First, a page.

We will always need specialists, like brain surgeons and scientific researchers. Some people focus on their chosen passion and become true experts in their field. You could be one of them.
But generalist careers can also be very rewarding. Things are always changing and people need to adapt. Many popular jobs that we take for granted now will not exist in the future. That presents a risk to future earnings potential for some.
Maybe you have a hobby or a side hustle that could be developed into a future career. Or maybe you just need to think carefully about how your existing job might change in the future. Start preparing now and stay ahead of the game.
This article by careeraddict.com suggests some well-established careers that could disappear by 2030. Bank tellers, posties and travel agents beware, among others!
Orange chocolate : The “too much reliance on one source of income” basket
Most of us start out with one source of income when we begin our first job. That’s ok, and it was definitely the norm for those of us over 40.
But lifestyle trends change and ‘portfolio careers’ are becoming more popular. This means working in a variety of roles. It could be a mixture of part time employment, freelancing and running a small business.
This approach reduces the reliance on any one source of income. It can also provide a more varied working life.
Forced redundancy has had a crippling effect on many families. Others have felt disappointment in retirement as their sole pension fund has run into trouble.
Consider how you can build up multiple income streams for future financial security. Here are some tips from thecareerpsychologist.com.
Dark chocolate: The “too much faith in your employer” basket
My least favourite flavour. I’ve met too many loyal employees of big firms who build up significant holdings of shares in their company. It could be through Save As Your Earn schemes, share options and bonus schemes. It’s happened to myself in the banking world.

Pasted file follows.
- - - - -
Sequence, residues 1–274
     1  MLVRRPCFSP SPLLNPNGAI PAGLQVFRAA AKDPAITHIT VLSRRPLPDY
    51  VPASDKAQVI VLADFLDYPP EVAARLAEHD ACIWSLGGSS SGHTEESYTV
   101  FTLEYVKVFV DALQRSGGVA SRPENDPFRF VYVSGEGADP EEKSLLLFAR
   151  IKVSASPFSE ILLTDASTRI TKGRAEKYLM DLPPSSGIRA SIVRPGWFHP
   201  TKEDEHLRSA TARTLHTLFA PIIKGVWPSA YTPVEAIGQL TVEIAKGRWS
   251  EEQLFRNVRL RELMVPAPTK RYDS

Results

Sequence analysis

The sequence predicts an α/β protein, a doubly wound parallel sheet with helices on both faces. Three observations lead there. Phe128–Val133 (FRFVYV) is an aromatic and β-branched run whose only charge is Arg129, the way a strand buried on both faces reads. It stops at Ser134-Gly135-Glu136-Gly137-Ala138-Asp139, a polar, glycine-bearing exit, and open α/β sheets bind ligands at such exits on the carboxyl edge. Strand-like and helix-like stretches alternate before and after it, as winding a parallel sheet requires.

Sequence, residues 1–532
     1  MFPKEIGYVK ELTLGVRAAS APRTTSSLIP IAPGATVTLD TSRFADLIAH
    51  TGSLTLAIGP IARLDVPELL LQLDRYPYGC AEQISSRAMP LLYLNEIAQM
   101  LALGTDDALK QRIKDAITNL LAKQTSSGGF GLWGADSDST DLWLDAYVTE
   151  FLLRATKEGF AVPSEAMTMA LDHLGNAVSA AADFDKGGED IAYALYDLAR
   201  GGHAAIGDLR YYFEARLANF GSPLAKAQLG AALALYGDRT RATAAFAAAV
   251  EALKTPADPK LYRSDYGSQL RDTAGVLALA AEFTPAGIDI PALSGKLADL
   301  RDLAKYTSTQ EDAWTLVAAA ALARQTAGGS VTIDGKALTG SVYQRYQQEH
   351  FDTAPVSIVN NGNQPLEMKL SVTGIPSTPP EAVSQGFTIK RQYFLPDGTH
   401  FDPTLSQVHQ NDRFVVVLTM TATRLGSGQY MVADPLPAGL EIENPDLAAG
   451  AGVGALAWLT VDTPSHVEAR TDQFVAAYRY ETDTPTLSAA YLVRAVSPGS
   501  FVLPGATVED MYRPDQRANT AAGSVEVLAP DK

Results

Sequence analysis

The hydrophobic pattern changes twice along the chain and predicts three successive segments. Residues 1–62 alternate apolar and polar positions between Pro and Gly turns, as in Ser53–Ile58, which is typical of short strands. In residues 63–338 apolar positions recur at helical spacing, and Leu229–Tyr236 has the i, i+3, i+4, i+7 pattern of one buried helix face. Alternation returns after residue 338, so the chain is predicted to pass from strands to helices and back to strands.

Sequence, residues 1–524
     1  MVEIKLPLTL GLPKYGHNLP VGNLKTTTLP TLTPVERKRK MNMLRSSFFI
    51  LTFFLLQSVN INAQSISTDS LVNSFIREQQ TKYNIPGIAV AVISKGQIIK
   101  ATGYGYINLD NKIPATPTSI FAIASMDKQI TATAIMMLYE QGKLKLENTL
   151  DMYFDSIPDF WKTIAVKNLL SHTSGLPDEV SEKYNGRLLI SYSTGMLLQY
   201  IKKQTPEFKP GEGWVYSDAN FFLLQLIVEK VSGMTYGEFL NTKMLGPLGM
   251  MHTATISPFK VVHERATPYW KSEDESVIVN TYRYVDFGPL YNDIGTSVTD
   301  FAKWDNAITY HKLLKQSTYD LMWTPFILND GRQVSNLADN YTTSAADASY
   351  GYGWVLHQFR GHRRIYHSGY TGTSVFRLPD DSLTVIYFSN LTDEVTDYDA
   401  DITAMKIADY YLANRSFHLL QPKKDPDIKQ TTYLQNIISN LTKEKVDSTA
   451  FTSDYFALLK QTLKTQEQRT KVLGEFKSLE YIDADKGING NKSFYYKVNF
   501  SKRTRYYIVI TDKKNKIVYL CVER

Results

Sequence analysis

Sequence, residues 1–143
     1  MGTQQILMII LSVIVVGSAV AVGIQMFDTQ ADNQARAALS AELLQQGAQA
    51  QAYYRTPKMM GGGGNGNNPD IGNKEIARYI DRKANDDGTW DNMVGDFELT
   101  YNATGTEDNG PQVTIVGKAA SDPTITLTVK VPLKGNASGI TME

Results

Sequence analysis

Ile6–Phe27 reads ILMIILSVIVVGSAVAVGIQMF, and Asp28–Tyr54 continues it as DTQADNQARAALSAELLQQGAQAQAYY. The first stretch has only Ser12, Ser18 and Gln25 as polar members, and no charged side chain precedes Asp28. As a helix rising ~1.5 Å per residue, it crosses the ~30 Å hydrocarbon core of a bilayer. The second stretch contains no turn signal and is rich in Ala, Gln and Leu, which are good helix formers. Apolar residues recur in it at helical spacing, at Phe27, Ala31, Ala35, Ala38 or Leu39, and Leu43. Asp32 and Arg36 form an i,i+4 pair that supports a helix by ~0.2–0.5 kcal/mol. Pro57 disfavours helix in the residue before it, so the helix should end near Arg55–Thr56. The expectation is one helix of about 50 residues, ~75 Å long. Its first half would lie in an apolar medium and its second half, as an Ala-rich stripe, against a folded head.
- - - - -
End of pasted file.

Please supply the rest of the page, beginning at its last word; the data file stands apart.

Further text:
You think your company is solid and nothing could ever go wrong. Then something unexpected happens and the share value plummets, like the banking crisis of 2008.
Don’t get me wrong. This is not suggesting that company share scheme are not good. They are. In fact, they can be a valuable employee benefit. But once the schemes mature and you’ve benefitted from the tax advantages etc, consider your options. Don’t just default to the easiest choice of letting your company shares build and build.
Too many employees have held on to all of their company shares, only to lose thousands when a crisis happens.
Financial diversification is a big topic and maybe it can be over-done. Perhaps if we diversify our lives too much, we end up with another cliché: “Jack of all trades and master of none”. But it remains an important principle for personal finance and wealth creation.
Financial advice can help you avoid too much concentration in one or two of the Easter baskets outlined above. But be aware that financial advice itself can often be focussed on too narrow an area of your life. The best advisers will act as a concierge, where they bring in specialists for different aspects of your finances.
Financial coaching does not involve regulated advice. It helps encourage a much wider perspective on your lifestyle and your emotional relationship with money.
Sometimes taking a step back from the detail of financial products and looking at the big picture makes sense. Easter and the onset of spring is a good time to pause, take a breather and think about all the baskets you have in your life. Happy Easter!